Beyond the genes confirmed by qRT-PCR and IHC or IF, the expression of several more genes, for example Sohlh1 (FC −6.98), Sox3 (FC −13.30), Sycp2 (FC −8.90) and Piwil2 (FC −5.89), was significantly altered in our study and might also be interesting new candidate genes for comparative human investigations. Sohlh1 and Sox3 single KO mice show an arrest of spermatogenesis at the level of spermatogonia and, comparable to the present mouse model, their deletion leads to a disruption of GC differentiation beyond early developmental stages and to infertility (Raverot et al., 2005; Ballow et al., 2006). By contrast, the deletion of Sycp2 and Piwil2 leads to a spermatogenic arrest from zygotene to early pachytene stages (Kuramochi-Miyagawa et al., 2004; Yang et al., 2006). The Piwi family genes play essential roles in stem cell self-renewal and gametogenesis (Lee et al., 2006a). Thus, it might be possible that Cx43 acts as a molecular upstream promoter of Piwil2 that is in turn known to be able to modulate the expression of stem-cell-specific genes, including Stra8 or Cx45. These genes require further examination to elucidate their possible role in the phenotype of adult SCCx43KO mice and their connection to CX43.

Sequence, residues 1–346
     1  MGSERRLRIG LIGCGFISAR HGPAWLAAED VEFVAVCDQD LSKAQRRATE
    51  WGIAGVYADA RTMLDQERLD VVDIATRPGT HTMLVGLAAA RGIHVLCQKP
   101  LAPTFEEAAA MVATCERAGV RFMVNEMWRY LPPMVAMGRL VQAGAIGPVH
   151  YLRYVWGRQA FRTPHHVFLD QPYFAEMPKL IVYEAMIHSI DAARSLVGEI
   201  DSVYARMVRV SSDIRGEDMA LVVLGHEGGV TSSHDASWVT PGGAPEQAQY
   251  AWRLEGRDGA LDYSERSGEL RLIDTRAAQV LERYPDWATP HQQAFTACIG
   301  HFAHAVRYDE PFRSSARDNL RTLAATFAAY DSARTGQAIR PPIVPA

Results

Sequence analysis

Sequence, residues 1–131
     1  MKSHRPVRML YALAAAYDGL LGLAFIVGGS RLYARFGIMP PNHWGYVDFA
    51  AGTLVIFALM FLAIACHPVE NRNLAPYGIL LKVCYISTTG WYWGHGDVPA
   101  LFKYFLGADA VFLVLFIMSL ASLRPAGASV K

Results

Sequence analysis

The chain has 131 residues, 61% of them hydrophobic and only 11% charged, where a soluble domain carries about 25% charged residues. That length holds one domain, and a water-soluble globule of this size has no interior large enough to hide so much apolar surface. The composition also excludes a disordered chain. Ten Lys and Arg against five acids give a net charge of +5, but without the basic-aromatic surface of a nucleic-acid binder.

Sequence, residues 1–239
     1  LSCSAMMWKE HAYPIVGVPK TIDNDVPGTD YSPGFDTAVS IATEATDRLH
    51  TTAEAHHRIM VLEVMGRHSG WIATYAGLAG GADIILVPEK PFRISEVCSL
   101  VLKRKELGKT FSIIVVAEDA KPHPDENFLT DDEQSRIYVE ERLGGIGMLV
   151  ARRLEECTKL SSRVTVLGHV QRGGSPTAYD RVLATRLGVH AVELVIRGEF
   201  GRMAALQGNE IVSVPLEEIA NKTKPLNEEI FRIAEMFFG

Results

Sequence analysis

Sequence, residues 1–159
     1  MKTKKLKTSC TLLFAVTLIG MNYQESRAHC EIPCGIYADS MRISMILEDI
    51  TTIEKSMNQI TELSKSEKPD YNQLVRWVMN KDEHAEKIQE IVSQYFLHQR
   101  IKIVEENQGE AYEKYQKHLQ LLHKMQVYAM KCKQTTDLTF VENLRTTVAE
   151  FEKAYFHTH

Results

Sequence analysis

CX43 gap junctions between SCs are further known to form an intercellular communication network within the seminiferous epithelium corresponding to an initial ‘syncytium-like organization’ that allows the tubular coordination of SC metabolism and, indirectly, via metabolic and signaling coupling, the synchronization of GC proliferation and differentiation. At present, it cannot totally be excluded that the failure to initiate spermatogenesis and the observed GC deficiency in adult SCCx43KO mice reflects an altered state of SC maturation and a sign for functional immaturity of the SC, as proposed by Sridharan et al. (Sridharan et al., 2007a). Thus, impaired GC development as early as day 8 p.p. might represent underlying abnormalities in SCs, because there exists a reciprocal regulation of SC and GC differentiation, and functional SCs are a prerequisite for normal spermatogenesis (Sharpe et al., 2003; Griswold, 1995). Also, seminiferous tubules of adult humans with different forms of spermatogenic impairment house immature SC populations (Steger et al., 1996). Thus, a disturbed maturation of nursing SCs might consequently result in an asynchronous and altered differentiation of SC-dependent GCs, leading to alterations of candidate gene expression in GCs of SCCx43KO mice (and infertile men).
Multiple genes that are essential for BTB formation, such as Ocln, Tjp1 or Cld11, were subjected to qRT-PCR analysis (Saitou et al., 2000). In agreement with the microarray data, examination of their mRNA expression on day 8 p.p. revealed no significant differences between WT and SCCx43KO mice, although most genes associated with this barrier showed a higher transcription rate in KO mice. Using IHC, localization of OCLN protein seemed to be similar in WT and SCCx43KO mice, implying no functional alterations.